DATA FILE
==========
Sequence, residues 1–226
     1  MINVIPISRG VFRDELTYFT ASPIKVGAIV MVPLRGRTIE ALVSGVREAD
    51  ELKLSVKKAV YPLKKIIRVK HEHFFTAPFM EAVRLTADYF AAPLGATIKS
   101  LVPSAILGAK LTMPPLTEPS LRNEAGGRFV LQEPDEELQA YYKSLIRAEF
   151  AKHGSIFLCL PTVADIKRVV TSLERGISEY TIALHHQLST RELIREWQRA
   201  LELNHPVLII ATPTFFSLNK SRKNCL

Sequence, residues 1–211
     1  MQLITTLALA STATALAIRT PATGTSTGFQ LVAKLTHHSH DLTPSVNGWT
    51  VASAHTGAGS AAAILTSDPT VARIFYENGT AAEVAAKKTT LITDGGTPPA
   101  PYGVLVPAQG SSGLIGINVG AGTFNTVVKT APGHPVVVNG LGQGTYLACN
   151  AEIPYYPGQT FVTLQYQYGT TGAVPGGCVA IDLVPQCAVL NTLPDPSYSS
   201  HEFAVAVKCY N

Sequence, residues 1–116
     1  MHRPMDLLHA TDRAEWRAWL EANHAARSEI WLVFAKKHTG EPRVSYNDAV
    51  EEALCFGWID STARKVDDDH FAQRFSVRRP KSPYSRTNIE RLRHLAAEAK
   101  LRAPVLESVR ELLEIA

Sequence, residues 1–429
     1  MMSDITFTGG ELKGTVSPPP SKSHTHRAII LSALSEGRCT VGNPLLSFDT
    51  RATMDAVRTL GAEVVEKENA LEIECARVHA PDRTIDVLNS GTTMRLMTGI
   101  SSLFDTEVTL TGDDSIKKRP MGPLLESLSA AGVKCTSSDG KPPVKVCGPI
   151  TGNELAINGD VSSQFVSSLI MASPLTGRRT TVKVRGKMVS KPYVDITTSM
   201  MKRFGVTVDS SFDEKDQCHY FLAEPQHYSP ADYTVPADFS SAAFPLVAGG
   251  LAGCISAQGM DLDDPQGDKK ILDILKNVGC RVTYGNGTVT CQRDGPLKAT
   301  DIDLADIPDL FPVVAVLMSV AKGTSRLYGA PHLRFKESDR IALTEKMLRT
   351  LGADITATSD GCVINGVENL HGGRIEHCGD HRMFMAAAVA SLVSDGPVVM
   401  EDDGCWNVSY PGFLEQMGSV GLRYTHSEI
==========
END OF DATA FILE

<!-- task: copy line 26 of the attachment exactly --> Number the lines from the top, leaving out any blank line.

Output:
   401  EDDGCWNVSY PGFLEQMGSV GLRYTHSEI